What do a former French President, a Japanese shipyard, and a billionaire yacht owner have in common? A striking, all-white superyacht was the thing that got them all in the center of attention once upon a time. Today, the classic Paloma remains a discrete presence and a unique vessel among the shiny new luxury toys turning heads on the Mediterranean.
Back in 2007, soon after he had officially become France’s new President, Nicolas Sarkozy embarked on a family cruising vacation. Unfortunately for him, the vessel he chose happened to be an enormous superyacht owned by a French billionaire (also his close friend). Images of the glamorous vacation yacht sparked harsh criticism from Sarkozy’s political opponents, and a media scandal ensued.
It certainly wasn’t the only time when a President got heat for spending time onboard a super wealthy friend’s pleasure craft. Vladimir Putin is infamous for that, in addition to allegedly owning a few luxury yachts himself. It’s ok when celebrities do that, but frowned upon in the case of public officials.
Despite the allegations in the Sarkozy scandal, the yacht in question did not need taxpayers’ money. Vincent Bollore, the owner at the time, who apparently continues to own Paloma to this day, is a reputable billionaire. Back then, Forbes had listed him as the 13th-richest man in France.
Bollore seems to be one of the few billionaires who can stay faithful to just one pleasure craft for a long period of time. It’s been more than 15 years since he bought the Paloma classic yacht, and he cared enough to have it rebuilt, and then refitted years later.
This stunning bright-white vessel hides an interesting origin. It was born in Japan, in 1965, and delivered to its original owner. It remains the largest of the custom yachts built by the Ishikawajima-Harima shipyard. The roots of this Japanese shipyard go back to the 19th century, and it has an interesting connection to Isuzu Motors. That’s because there were numerous mergers and splits throughout the yard’s history, including an automobile spinoff in 1927. Initially named Ishikawajima Automotive Works Co., Ltd, it would eventually become Isuzu Motors, through other mergers.
The classic Japanese vessel started a new life approximately two decades ago, when it was completely rebuilt in Malta, apparently in accordance to its new owner’s (Bollore) input. This is how Paloma got its modern superyacht appeal, without losing its special elegance.
This is still reflected in the yacht’s majestic, elongated silhouette with a distinctive canoe-like stern. Its classic charm also extends to the lavish interiors, boasting plenty of wood. Like most classic motor yachts, Paloma was supposed to feel more like a cozy mansion than a floating resort.
Its warm interiors reveal the original wood paneling, carefully integrated within a contemporary English-style design. At nearly 200 feet (60 meters) Paloma has enough room for generous interiors and outdoor areas.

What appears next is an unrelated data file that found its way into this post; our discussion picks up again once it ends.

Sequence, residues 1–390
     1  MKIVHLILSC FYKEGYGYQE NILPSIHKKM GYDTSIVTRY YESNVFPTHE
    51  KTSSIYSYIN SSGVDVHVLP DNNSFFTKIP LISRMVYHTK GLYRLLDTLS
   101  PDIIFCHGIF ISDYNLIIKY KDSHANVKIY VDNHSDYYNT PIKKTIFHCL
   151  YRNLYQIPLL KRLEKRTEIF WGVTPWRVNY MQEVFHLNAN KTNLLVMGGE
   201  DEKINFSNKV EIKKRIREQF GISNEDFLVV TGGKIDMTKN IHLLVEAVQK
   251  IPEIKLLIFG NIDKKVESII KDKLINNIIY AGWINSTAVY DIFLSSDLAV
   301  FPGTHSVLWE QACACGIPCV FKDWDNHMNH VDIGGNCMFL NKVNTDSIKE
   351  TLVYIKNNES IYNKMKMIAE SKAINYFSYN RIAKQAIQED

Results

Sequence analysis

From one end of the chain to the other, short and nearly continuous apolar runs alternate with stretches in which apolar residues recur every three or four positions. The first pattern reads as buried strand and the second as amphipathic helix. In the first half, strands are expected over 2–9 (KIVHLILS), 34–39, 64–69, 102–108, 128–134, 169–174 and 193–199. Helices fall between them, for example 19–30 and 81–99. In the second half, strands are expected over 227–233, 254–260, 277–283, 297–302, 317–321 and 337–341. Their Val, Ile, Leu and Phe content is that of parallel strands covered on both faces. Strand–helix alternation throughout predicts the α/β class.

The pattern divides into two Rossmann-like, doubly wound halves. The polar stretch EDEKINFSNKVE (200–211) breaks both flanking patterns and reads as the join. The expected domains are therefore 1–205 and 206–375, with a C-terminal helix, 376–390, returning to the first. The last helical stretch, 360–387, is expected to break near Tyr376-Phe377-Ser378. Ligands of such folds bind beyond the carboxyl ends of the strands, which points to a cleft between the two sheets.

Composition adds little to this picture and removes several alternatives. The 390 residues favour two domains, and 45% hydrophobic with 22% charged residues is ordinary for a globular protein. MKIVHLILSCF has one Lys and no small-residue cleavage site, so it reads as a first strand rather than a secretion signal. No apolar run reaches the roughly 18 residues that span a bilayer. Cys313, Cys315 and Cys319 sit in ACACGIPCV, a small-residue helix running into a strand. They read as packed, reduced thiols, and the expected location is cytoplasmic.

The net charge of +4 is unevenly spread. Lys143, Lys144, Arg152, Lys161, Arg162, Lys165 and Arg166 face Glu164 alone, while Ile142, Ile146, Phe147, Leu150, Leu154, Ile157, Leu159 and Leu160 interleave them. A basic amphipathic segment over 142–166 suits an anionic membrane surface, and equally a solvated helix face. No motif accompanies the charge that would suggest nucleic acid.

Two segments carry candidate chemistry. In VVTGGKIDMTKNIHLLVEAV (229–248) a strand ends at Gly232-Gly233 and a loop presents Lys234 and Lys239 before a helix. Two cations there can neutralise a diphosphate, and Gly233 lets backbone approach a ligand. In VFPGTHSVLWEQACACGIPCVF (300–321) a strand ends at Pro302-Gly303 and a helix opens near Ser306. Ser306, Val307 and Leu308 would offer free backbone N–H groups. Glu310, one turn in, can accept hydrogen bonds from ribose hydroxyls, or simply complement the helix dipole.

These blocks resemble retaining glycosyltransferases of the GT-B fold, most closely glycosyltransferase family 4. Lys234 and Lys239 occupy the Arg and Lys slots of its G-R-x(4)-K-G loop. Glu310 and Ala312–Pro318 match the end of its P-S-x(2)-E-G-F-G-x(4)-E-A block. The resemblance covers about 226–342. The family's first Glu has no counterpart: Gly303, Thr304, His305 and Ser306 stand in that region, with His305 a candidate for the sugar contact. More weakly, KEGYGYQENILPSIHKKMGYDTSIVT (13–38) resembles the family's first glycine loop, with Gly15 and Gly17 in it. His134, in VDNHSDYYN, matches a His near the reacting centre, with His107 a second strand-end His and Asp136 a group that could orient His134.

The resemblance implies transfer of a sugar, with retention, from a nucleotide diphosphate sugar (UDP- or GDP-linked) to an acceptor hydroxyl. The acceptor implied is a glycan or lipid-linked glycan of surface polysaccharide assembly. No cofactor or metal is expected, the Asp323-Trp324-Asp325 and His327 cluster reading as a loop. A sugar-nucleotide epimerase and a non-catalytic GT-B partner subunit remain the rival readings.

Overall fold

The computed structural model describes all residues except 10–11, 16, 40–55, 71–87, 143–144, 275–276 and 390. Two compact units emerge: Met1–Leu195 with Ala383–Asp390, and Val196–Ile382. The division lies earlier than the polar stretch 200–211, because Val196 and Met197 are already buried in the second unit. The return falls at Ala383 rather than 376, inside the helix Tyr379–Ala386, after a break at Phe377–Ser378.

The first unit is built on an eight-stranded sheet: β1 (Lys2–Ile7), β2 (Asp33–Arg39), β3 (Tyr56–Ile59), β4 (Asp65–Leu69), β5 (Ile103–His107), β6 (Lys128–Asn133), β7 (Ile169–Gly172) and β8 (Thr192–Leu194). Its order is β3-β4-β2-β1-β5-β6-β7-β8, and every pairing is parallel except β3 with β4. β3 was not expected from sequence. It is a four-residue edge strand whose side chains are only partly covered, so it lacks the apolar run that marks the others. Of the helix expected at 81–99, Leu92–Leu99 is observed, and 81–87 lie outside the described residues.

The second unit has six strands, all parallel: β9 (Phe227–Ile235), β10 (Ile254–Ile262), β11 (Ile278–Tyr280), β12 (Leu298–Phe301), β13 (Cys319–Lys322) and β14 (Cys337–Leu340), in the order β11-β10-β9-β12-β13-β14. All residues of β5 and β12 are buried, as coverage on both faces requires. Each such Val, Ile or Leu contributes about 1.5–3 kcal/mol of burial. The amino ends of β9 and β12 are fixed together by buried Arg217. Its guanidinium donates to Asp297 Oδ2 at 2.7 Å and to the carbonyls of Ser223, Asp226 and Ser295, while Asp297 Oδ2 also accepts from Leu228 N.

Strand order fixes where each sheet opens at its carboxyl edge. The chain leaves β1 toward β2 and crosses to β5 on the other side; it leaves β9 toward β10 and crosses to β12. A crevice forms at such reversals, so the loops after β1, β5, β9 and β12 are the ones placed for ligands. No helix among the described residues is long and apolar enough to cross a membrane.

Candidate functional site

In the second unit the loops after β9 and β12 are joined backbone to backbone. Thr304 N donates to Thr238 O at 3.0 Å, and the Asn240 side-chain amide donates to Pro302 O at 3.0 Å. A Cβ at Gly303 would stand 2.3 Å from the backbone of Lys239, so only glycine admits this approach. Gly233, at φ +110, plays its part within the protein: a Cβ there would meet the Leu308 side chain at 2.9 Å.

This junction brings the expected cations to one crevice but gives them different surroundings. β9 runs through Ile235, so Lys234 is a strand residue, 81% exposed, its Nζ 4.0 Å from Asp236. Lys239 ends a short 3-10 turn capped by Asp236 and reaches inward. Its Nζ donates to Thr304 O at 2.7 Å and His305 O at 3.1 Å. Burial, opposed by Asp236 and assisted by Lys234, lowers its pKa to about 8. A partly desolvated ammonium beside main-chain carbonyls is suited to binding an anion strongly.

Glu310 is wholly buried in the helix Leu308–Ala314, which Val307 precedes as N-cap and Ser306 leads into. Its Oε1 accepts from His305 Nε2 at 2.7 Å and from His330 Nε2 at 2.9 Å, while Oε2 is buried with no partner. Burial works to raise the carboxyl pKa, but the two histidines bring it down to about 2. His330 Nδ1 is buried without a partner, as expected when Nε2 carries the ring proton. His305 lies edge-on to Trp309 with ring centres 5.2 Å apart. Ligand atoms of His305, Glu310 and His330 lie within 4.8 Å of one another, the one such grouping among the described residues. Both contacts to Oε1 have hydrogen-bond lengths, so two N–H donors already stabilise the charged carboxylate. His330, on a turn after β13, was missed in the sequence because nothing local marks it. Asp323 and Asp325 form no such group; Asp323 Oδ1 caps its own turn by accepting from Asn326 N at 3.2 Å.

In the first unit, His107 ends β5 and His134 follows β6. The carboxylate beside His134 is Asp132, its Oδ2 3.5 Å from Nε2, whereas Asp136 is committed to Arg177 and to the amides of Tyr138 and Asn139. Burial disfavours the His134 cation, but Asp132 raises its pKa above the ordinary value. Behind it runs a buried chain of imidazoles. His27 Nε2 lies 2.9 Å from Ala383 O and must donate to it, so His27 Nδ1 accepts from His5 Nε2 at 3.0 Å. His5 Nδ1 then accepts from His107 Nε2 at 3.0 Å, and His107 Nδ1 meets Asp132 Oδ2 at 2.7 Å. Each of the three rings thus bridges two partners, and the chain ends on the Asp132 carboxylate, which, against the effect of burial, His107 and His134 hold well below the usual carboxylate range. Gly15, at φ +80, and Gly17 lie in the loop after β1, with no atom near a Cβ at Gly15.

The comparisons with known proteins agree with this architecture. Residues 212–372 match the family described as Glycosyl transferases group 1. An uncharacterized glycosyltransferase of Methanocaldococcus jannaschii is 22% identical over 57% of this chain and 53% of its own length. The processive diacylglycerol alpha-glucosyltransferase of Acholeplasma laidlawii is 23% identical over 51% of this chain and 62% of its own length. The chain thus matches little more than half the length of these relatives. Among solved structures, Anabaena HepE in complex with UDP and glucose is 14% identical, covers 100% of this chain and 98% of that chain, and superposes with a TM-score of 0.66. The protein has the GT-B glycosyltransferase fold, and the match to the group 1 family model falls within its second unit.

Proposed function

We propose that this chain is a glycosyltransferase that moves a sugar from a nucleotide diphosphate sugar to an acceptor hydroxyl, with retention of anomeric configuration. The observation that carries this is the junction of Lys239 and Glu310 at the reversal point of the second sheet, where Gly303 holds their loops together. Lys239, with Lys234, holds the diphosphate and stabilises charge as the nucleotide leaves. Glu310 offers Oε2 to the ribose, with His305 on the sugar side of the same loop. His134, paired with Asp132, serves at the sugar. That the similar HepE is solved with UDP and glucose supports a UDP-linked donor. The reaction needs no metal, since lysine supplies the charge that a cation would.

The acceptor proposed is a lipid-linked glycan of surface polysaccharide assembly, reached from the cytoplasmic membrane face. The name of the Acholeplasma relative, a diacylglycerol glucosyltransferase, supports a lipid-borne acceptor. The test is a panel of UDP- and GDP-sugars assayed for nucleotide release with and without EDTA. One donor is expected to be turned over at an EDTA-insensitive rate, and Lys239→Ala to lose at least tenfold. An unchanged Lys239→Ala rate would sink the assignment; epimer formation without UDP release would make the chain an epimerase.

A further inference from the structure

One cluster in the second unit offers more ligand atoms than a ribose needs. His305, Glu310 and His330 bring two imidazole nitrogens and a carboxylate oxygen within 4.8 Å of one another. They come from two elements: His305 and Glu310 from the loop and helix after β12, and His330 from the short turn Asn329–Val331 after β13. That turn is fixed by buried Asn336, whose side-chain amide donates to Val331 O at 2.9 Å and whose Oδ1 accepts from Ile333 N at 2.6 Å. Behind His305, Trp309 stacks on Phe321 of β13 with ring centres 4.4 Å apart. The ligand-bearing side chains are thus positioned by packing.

The main deck is where you’d find the large salon and formal dining area. The table that’s big enough for 14 people marks the transition from the salon to the U-shaped seating area at the end of the main deck. Due to the rounded design of the canoe-like stern, this type of seating was the perfect choice.
Walking forward, you’d find both an office area (in true classic style) and a cinema room (a must-have for all modern yachts). The Owner’s suite is also located on this deck. The other staterooms (two double cabins, two twins, and two single staterooms) are all on the lower deck.
Another modern touch is that each stateroom comes with its own color scheme. Plus, for a touch of glam, the en-suite bathrooms were finished with precious marble in shades of cream. Speaking of modern, the old vessel can surprise its guests with a freshly-upgraded entertainment system, including large Plasma TVs.
Paloma’s impressive size allows for lavish outdoor spaces to be sprawled across its three decks. The sun deck looks like the perfect spot to admire the breathtaking 360-degree views, while also enjoying the generous jacuzzi.
The aft deck isn’t very large, but versatile enough to fit in sunbeds and lounge furniture, as well as another dining table, for meals in the open air. With an electric bimini at hand, this becomes a great spot to connect with the surroundings without worrying about the sun.
The sky lounge on the upper deck is another attractive area on board, with a bar and a Karaoke system. Here, you can admire some of the ship’s beautiful wood panels, matched by elegant parquet floors.
Considering that it underwent both a rebuild (in 2004) and a refit (in 2018 and 2020) it’s no surprise that Paloma is as efficient as it is glamorous. It suffices to say that, since its rebuild, this classic yacht has crossed the Atlantic more than 20 times. In addition to the remarkable 4,000-mile (6,400 km) range, its twin Caterpillar engines enable it to hit 16 knots (18 mph/30 kph).
A few years ago, Paloma’s worth was estimated at almost $15 million. Luckily, its admirers don’t need to buy it in order to travel on board. This classic yacht built in Japan can also be chartered, with weekly rates starting at €160,000 ($171,000).